What Would You Give?
The lack of God infiltrating life or invading our space is essentially why most of us have problems with idolatry. When God is seen as an appendage rather than the Person that should consume our lives, we will always struggle with keeping Him first. It’s not rocket science to understand that when God gave the great leader Moses the Ten Commandments, the first ones deal with the subject of idolatry. In fact, he literally spells out what he means in the 2nd command because he wanted them to comprehend the depth of meaning.
“You shall not make for yourself an image in the form of anything in heaven above or on the earth beneath or in the waters below. 5 You shall not bow down to them or worship them; for I, the Lord your God, am a jealous God, punishing the children for the sin of the parents to the third and fourth generation of those who hate me, 6 but showing love to a thousand generations of those who love me and keep my commandments.” (Exodus 20:4)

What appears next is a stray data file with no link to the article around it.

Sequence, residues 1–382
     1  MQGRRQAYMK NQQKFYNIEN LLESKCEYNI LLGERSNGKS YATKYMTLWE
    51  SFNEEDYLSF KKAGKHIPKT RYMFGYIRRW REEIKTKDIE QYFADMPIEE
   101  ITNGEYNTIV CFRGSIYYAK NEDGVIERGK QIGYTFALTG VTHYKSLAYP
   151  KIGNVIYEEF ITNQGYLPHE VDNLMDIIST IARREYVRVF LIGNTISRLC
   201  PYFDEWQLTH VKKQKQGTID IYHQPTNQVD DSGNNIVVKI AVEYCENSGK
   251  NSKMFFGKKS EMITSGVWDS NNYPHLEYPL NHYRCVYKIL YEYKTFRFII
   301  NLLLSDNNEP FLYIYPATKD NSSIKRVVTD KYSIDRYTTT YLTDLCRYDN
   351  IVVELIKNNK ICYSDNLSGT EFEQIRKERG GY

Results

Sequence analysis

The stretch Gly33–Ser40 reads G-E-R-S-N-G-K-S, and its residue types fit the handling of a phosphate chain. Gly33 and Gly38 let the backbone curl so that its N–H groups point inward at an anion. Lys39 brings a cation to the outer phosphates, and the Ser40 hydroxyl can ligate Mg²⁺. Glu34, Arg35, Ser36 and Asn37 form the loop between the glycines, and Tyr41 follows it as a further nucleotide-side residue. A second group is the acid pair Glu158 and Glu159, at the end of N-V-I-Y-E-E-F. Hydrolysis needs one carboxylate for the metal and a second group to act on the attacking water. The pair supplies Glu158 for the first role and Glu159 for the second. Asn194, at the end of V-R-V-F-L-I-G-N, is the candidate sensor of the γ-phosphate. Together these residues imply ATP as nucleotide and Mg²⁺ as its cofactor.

God understood that if the Israelites could live out the first two commandments, then the rest of them would be a piece of cake. Please notice the seriousness of idolatry. God was very specific and harsh when it comes to putting things before Him. He used a very strong word to express His disgust, jealous. Yet how easy is it for us to exalt things in the place of God! It should almost strike fear in us to see how much we allow what we want to assume God’s place on throne. Jesus expressed these same commands again in the New Testament because a vital relationship with God is paramount to our success as Christians. What should we give in exchange for a relationship with the Savior? Is there a scale or measure of which we could gauge how much a relationship of this magnitude can be valued? Can all of the resources in the world combined equate? There is really no amount that we could offer. There’s a story in the bible about a woman named Mary who was ridiculed because of the place that Jesus held in her heart. In this passage, Mary brought some expensive ointment to the savior and spilled it onto his body to represent how much she loved and adored him. In Mark 14:5, the Bible says that the ointment could have been sold for more than three hundred denarii. A denarius was a day’s wage for labor. “The value of the perfume (three hundred denarii) represented a year’s wages for a working man.” One year of a man’s wages given away in an instant is almost too difficult to imagine. As you can expect, these were not rich people. Would you sacrifice one year of your wages? To have something this precious was already incredible. However, to take a commodity this valuable and waste it in a moment speaks of either craziness or profound love. “Mary anoints Jesus…thereby displaying sacrificial love for him—the only kind of any value.” The only thing that we can offer God that’s of any value to him is our sacrificial love, our dedication, our worship; our entire lives. Mary literally gave everything she had in that second to make sure that Jesus was honored.